-================
+watchdog_thresh
+===============
 
 This value can be used to control the frequency of hrtimer and NMI
 events and the soft and hard lockup thresholds. The default threshold
 is 10 seconds.
 
-The softlockup threshold is (2 * watchdog_thresh). Setting this
+The softlockup threshold is (``2 * watchdog_thresh``). Setting this
 tunable to zero will disable lockup detection altogether.
-- 
2.24.1


^ permalink raw reply	[flat|nested] 10+ messages in thread

* [PATCH 2/6] docs: merge debugging-modules.txt into sysctl/kernel.rst
  2020-02-13 17:46 [PATCH 0/6] docs: sysctl/kernel.rst rework Stephen Kitt
  2020-02-13 17:46 ` [PATCH 1/6] docs: pretty up sysctl/kernel.rst Stephen Kitt
@ 2020-02-13 17:46 ` Stephen Kitt
  2020-02-13 18:55   ` Jonathan Corbet
  2020-02-13 17:46 ` [PATCH 3/6] docs: drop l2cr from sysctl/kernel.rst Stephen Kitt
                   ` (3 subsequent siblings)
  5 siblings, 1 reply; 10+ messages in thread
From: Stephen Kitt @ 2020-02-13 17:46 UTC (permalink / raw)
  To: Jonathan Corbet, Mauro Carvalho Chehab, linux-doc
  Cc: linux-kernel, Stephen Kitt

This fits nicely in sysctl/kernel.rst, merge it (and rephrase it)
instead of linking to it.

Signed-off-by: Stephen Kitt <steve@sk2.org>
---
 Documentation/admin-guide/sysctl/kernel.rst | 16 ++++++++++++++-
 Documentation/debugging-modules.txt         | 22 ---------------------
 2 files changed, 15 insertions(+), 23 deletions(-)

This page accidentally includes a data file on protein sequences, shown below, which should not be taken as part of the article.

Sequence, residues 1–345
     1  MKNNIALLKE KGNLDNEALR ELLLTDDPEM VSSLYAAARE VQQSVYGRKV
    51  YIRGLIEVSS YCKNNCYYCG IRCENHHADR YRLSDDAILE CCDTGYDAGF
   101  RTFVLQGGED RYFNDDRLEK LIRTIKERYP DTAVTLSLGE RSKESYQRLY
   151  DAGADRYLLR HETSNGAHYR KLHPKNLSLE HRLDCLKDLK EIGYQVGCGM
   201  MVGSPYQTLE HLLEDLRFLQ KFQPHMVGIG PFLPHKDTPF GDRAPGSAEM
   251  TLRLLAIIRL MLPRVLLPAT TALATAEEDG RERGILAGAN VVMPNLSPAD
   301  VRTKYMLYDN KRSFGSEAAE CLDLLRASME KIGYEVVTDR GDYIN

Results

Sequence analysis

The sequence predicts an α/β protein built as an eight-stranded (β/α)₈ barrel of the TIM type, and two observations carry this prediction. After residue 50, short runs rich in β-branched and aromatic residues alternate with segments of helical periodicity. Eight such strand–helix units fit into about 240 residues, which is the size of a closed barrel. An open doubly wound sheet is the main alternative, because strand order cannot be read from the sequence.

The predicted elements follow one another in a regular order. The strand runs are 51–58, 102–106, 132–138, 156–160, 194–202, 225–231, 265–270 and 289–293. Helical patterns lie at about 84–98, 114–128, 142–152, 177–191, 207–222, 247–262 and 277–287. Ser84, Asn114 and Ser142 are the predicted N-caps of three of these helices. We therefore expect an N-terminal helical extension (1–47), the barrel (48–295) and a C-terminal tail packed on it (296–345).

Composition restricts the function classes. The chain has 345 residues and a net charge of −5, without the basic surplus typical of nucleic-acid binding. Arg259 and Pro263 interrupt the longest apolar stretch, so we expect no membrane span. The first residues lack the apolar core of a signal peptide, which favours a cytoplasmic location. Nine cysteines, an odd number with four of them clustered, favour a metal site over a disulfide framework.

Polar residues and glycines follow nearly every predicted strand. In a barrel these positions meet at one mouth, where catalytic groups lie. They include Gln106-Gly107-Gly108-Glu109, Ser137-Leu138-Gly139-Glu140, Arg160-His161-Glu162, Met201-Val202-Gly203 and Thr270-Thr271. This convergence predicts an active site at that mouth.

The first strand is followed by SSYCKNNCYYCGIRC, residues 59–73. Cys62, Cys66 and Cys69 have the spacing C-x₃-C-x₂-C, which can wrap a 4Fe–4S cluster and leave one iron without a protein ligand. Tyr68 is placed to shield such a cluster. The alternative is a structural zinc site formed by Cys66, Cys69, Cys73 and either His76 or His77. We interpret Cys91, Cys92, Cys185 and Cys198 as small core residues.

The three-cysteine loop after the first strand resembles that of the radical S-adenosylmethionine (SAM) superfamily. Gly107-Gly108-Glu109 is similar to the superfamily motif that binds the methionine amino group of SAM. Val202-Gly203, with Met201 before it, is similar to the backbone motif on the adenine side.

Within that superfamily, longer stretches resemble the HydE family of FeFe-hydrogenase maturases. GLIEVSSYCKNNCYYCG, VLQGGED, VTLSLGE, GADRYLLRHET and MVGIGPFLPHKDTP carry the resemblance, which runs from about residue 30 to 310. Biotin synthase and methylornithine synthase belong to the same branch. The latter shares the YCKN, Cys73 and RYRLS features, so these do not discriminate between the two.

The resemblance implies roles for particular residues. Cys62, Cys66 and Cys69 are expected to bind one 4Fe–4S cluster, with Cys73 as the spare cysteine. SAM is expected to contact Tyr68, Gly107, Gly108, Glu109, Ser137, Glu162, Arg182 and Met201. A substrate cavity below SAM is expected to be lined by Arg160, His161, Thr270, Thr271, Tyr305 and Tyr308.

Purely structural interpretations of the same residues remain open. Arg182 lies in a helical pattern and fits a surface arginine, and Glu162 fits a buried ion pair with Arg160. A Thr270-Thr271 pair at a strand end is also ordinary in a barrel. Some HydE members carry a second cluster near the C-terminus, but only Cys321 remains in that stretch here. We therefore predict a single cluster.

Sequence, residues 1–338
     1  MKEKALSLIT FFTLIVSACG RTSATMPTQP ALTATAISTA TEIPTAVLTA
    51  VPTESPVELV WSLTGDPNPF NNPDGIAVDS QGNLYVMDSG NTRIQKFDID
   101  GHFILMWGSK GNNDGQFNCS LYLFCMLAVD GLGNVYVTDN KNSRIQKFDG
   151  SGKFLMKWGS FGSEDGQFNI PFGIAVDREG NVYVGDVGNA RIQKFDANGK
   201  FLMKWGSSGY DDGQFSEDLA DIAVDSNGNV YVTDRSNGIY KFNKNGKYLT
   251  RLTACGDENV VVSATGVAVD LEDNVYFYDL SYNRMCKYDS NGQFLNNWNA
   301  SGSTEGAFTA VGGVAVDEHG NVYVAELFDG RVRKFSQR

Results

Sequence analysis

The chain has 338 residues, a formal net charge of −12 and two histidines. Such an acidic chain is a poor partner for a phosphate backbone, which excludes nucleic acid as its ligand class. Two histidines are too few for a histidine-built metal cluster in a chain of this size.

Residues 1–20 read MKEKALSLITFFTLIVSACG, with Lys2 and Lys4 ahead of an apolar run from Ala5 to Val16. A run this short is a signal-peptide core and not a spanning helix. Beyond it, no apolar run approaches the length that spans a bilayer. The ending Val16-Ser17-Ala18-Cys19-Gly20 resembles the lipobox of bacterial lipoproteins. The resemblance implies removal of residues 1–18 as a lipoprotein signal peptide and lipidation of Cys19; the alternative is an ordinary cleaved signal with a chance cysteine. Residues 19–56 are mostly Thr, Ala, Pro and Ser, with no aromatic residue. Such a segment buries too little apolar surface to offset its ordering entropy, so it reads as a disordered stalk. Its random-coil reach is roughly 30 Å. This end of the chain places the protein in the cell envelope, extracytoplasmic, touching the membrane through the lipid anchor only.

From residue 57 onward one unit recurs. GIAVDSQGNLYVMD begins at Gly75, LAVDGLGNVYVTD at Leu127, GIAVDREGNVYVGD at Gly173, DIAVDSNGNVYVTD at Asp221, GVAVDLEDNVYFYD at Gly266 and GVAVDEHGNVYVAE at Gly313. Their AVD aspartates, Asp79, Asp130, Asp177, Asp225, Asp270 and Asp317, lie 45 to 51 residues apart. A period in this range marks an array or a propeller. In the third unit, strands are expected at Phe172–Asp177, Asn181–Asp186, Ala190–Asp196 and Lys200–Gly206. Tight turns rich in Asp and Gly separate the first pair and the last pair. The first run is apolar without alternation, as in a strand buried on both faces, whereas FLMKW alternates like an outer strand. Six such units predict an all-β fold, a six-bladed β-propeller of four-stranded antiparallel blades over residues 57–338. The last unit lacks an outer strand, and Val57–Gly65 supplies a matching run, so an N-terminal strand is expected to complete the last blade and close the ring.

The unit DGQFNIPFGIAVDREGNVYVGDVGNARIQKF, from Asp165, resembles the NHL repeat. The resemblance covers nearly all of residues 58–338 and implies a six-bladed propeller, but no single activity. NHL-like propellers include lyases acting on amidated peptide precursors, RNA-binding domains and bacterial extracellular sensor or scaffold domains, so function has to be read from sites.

delete mode 100644 Documentation/debugging-modules.txt

diff --git a/Documentation/admin-guide/sysctl/kernel.rst b/Documentation/admin-guide/sysctl/kernel.rst
index 1de8f0b199b1..1aacd7a24f5a 100644
--- a/Documentation/admin-guide/sysctl/kernel.rst
+++ b/Documentation/admin-guide/sysctl/kernel.rst
@@ -388,7 +388,21 @@ This flag controls the L2 cache of G3 processor boards. If
 modprobe
 ========
 
-See Documentation/debugging-modules.txt.
+This gives the full path of the modprobe command which the kernel will
+use to load modules. This can be used to debug module loading
+requests:
+
+::
+
+    echo '#! /bin/sh' > /tmp/modprobe
+    echo 'echo "$@" >> /tmp/modprobe.log' >> /tmp/modprobe
+    echo 'exec /sbin/modprobe "$@"' >> /tmp/modprobe
+    chmod a+x /tmp/modprobe
+    echo /tmp/modprobe > /proc/sys/kernel/modprobe
+
+This only applies when the *kernel* is requesting that the module be
+loaded; it won’t have any effect if the module is being loaded
+explicitly using ``modprobe`` from userspace.
 
 
 modules_disabled
diff --git a/Documentation/debugging-modules.txt b/Documentation/debugging-modules.txt
deleted file mode 100644
index 172ad4aec493..000000000000
--- a/Documentation/debugging-modules.txt
+++ /dev/null
@@ -1,22 +0,0 @@
-Debugging Modules after 2.6.3
------------------------------
-
-In almost all distributions, the kernel asks for modules which don't
-exist, such as "net-pf-10" or whatever.  Changing "modprobe -q" to
-"succeed" in this case is hacky and breaks some setups, and also we
-want to know if it failed for the fallback code for old aliases in
-fs/char_dev.c, for example.
-
-In the past a debugging message which would fill people's logs was
-emitted.  This debugging message has been removed.  The correct way
-of debugging module problems is something like this:
-
-echo '#! /bin/sh' > /tmp/modprobe
-echo 'echo "$@" >> /tmp/modprobe.log' >> /tmp/modprobe
-echo 'exec /sbin/modprobe "$@"' >> /tmp/modprobe
-chmod a+x /tmp/modprobe
-echo /tmp/modprobe > /proc/sys/kernel/modprobe
-
-Note that the above applies only when the *kernel* is requesting
-that the module be loaded -- it won't have any effect if that module
-is being loaded explicitly using "modprobe" from userspace.
-- 
2.24.1


^ permalink raw reply	[flat|nested] 10+ messages in thread